Important contract terms must be conspicuous; they need to stand out from the rank-and-file boilerplate.
This is an old rule. In 1810, a judge held that a contract was unenforceable because it “called attention to everything that was attractive, and concealed what was calculated to repel.” Butler v. Heane (1810).
Lawyers suck at ‘calling attention’ in type. When they try, they draft entire paragraphs of capital letters. These all-caps paragraphs are harder, not easier, to read. They would be hard to read in well-kerned Helvetica. If only we were so lucky. What we really see are caps-lock agglomerations of Times New Roman.
Why is all caps so painful? Words in lowercase each have a unique shape; a unique identifier for the reader. Words in all caps all have the same shape: rectangle. Instead of recognizing word shapes, we’re forced to identify each letter. one. at. a. time.
All-caps is not just bad typography, its bad lawyering. “Lawyers who think their caps lock keys are instant ‘make conspicuous’ buttons are deluded.” In re Bassett, 285 F. 3d 882 (9th Cir. 2002)(Kozinski). This is reflected in the Uniform Commercial Code. The UCC rules for “conspicuous” typesetting will tolerate all-caps headings, but not body text:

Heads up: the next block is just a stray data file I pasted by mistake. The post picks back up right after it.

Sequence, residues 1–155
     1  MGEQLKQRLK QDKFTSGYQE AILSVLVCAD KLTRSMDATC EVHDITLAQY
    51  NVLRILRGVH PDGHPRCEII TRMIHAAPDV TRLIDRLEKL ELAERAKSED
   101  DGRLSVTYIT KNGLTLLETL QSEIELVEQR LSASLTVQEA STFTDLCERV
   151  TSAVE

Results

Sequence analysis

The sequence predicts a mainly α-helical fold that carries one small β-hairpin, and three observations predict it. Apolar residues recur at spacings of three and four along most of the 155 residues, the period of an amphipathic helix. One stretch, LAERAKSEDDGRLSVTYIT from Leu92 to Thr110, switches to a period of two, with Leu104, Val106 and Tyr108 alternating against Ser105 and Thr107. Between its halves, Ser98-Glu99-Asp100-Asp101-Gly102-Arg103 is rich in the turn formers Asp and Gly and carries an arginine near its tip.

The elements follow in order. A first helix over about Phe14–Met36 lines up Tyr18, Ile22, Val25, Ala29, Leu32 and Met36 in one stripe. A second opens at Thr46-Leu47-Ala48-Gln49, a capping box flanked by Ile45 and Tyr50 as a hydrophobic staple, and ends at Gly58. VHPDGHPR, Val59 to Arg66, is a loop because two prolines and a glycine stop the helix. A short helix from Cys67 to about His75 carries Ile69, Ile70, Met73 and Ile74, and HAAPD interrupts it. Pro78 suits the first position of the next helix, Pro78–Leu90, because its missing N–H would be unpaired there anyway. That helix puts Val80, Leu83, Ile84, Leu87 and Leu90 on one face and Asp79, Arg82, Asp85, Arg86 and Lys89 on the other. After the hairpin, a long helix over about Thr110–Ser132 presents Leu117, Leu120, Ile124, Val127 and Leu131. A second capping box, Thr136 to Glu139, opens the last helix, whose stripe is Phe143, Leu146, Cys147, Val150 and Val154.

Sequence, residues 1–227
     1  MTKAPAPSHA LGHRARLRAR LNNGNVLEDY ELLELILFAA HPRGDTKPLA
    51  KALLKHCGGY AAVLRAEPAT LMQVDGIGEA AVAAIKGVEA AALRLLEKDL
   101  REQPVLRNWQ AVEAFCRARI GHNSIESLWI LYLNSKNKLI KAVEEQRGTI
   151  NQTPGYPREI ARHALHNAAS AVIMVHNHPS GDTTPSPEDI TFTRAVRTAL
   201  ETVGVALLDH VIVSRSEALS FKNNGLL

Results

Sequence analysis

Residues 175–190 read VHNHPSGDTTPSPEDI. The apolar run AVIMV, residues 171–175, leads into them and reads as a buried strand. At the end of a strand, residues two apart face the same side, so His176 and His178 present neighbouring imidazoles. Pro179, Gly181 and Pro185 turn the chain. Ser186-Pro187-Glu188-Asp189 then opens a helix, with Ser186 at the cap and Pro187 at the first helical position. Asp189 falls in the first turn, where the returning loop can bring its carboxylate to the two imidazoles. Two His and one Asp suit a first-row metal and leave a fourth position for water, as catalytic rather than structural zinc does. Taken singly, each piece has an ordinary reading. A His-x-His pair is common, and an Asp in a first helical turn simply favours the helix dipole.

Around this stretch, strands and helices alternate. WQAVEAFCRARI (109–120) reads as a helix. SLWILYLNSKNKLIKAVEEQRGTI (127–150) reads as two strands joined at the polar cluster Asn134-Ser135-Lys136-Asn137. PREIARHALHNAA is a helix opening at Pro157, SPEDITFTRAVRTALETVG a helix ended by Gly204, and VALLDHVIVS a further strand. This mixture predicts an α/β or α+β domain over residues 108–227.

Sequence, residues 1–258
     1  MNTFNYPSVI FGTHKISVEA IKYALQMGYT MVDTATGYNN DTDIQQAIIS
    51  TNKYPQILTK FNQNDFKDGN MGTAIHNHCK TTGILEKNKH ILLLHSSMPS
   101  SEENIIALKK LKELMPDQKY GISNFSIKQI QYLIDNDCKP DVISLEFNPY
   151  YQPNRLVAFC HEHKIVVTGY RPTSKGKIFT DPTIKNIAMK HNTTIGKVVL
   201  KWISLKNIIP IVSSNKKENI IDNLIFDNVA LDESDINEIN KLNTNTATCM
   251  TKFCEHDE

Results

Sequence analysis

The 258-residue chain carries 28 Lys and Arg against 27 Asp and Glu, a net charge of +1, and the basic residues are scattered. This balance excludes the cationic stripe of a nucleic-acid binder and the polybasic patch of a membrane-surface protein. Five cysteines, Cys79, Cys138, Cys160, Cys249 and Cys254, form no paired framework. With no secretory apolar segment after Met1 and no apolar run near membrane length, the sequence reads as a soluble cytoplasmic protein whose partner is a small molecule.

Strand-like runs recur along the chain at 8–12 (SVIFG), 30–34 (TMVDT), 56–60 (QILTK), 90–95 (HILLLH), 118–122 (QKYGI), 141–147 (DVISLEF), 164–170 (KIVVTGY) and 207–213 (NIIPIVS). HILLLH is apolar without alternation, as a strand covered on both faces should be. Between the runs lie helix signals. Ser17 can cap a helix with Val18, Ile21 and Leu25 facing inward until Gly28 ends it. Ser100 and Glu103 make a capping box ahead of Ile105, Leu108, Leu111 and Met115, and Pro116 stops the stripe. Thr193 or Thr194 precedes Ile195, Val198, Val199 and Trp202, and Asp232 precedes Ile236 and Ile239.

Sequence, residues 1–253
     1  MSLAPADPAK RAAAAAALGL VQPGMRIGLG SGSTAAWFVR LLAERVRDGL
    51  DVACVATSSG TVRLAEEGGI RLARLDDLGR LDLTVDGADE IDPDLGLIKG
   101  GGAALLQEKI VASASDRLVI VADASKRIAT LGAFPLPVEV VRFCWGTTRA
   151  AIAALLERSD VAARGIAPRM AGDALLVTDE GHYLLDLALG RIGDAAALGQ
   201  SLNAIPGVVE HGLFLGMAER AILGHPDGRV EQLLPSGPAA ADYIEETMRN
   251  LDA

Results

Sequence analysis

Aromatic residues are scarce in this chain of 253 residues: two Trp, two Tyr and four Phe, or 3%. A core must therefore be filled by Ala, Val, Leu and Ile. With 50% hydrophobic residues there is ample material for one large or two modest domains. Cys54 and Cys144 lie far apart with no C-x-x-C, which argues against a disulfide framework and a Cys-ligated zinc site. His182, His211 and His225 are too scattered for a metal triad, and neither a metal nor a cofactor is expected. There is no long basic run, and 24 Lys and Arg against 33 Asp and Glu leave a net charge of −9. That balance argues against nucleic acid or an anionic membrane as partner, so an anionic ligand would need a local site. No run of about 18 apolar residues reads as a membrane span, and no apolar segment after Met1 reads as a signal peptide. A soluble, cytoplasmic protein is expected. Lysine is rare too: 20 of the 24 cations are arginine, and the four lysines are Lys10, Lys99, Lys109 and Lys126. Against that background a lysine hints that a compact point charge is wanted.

Headings must be “in capitals equal to or greater in size than the surrounding text, or in contrasting type, font, or color.” UCC § 2-103(1)(b)(i)(A). Body text must be “in larger type than the surrounding text, or in contrasting type, font, or color to the surrounding text of the same size, or set off from surrounding text of the same size by symbols or other marks that call attention to the language.” UCC § 2-103(1)(b)(i)(B).
Since all-caps paragraphs are not specifically permitted by the UCC, why make your contract unreadable and potentially unenforceable? If you have a word processor, you have a slate of pre-approved options:
Please try any of these alternatives. A paragraph of capitals is like a shouting cat-lady: Conspicuous, but no Communication.